Novel Functions of COI1

In addition to the regulation of timing of floral organ abscission, coi1-37 mutants also display a range of developmental defects including male sterility, leaf epinasty, dark green leaves, strong apical dominance, and enhanced meristem longevity (Figures 2A–2F). Although approximately 50% of the pollen of coi1-37 (dab4-1) was viable (Figure 2A) and germinated on agar plates (data not shown), these plants were functionally male sterile due to a lack of dehiscence. We also observed that pollen germinated within the anther (Figure 2B). Particularly interesting was the strong apical dominance and delayed meristem arrest of coi1-37 (Figure 2D-2F). In contrast to wild type plants that complete their life cycle within 12 weeks and produce approximately 35–55 flowers [24], coi1-37 lives up to 4 months, growing almost two meters high and produces more than 300 flowers on the primary inflorescence (Figure 2E and 2F)

Figure 2. Additional Functions of COI1 (DAB4) Governed by Specific Ecotype.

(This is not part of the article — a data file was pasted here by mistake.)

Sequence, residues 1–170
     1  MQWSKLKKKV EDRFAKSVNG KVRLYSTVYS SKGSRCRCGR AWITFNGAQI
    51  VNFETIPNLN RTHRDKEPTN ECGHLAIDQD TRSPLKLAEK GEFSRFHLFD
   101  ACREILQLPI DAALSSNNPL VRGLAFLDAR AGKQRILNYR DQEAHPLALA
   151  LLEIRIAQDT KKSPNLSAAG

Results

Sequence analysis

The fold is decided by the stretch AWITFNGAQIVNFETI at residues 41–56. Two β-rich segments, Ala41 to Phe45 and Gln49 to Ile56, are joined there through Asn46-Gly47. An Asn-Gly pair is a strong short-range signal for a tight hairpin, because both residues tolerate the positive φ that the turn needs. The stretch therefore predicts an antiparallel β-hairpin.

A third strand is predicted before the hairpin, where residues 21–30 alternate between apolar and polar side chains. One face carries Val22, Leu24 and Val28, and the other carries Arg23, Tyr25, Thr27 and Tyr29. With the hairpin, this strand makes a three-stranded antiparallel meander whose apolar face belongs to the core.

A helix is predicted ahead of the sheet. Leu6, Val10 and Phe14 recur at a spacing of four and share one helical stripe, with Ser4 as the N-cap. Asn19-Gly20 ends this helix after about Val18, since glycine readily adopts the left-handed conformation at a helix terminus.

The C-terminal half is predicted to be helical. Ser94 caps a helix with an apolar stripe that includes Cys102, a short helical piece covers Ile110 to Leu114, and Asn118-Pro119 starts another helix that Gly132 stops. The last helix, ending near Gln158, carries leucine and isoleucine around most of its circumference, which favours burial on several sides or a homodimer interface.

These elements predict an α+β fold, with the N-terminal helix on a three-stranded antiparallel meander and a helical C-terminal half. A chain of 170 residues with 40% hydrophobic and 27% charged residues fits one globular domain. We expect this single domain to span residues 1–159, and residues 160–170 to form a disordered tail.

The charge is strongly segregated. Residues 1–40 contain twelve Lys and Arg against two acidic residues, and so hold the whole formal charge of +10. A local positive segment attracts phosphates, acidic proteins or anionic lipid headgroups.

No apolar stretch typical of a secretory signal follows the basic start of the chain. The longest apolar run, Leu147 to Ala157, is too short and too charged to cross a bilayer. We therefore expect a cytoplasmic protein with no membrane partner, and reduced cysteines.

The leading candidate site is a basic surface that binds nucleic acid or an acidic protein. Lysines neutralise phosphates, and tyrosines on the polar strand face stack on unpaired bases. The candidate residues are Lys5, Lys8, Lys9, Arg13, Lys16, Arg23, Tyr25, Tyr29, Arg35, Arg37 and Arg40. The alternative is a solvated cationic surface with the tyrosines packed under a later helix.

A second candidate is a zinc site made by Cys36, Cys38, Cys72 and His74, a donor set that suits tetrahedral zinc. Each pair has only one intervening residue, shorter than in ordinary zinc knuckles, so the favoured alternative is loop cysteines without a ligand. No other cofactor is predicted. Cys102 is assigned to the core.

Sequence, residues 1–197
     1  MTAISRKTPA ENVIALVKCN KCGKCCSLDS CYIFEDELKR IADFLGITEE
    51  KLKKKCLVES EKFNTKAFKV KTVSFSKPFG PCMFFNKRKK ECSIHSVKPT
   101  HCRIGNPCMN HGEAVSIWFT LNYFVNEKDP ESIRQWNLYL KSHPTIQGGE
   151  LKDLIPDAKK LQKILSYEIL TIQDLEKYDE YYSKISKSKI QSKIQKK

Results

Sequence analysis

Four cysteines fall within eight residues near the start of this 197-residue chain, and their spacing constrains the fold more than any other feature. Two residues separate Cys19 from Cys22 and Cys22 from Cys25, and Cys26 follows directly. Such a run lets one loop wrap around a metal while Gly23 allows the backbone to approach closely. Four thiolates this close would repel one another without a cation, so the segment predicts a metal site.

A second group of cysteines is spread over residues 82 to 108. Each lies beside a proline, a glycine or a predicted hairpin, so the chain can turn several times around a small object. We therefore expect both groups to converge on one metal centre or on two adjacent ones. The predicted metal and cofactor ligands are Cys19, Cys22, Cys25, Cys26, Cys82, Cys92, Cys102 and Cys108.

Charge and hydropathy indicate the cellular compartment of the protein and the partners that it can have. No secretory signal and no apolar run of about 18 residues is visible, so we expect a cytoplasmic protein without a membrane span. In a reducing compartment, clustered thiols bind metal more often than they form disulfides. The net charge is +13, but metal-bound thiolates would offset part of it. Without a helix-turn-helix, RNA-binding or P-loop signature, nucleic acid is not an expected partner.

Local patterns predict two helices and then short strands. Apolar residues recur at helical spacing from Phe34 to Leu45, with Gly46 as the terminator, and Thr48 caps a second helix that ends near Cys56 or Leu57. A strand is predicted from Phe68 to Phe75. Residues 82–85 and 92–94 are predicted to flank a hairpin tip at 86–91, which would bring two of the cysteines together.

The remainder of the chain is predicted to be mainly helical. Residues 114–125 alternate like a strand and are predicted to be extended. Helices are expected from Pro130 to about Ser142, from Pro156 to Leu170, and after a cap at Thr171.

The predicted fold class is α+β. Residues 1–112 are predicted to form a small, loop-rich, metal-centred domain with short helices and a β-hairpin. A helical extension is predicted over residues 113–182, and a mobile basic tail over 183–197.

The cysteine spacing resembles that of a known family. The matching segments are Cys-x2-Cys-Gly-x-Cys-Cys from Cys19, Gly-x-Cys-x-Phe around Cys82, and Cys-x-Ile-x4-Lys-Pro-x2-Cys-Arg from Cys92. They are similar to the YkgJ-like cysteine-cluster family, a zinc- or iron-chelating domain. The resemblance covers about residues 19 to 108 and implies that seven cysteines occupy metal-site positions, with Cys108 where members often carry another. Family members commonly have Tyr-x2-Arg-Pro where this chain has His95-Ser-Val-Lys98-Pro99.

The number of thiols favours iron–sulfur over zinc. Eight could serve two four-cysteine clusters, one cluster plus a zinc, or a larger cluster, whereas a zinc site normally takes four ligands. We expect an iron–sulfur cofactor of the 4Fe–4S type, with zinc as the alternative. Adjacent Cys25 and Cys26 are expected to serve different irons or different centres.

(A) Pollen viability was examined in coi1-37 (dab4-1). Pollen grains of coi1-37 were stained with Alexander's stain in the anther (left) and removed from anther (right). (B) Germination of coi1-37 pollen in the anther. Anthers were isolated from floral position 2 (after anthesis in wildtype) and examined with fluorescence microscopy. (C) Leaves of coi1-37 compared to WS. Dark green and epinastic leaf growth are specific to WS ecotype of dab4-1. (D) Comparison of WS and coi1-37 plants at 8 weeks after germination showing stronger apical dominance and continued proliferous growth in coi1-37. (E) coi1-37 at 12 weeks after germination showing strong apical dominance and continued growth and flowering. (F) Comparison of 116d old WS to coi1-1 outcrossed to WS. The coi1-1 (WS) mutant acquired increased apical dominance and epinastic leaf growth. Arrow indicates epinastic and dark leaf growth in coi1-1 (WS).

Interestingly, both coi1-1 and coi1-21 (both in Col ecotype) did not display other phenotypes such as strong apical dominance and epinastic leaf growth. In addition, we observed a reduction in the occurrence of strong apical dominance and epinastic leaf growth in the two mapping populations (coi1-37 (WS) x Col and coi1-37 (WS) x Ler). To better understand this, we outcrossed coi1-1 (Col), which did not display the strong apical dominance or epinastic leaf growth, to WS and recovered these traits (Figure 2F) suggesting that the strong apical dominance and epinastic leaf growth of coi1-37 is associated with COI1 function and could be attributed to ecotype difference.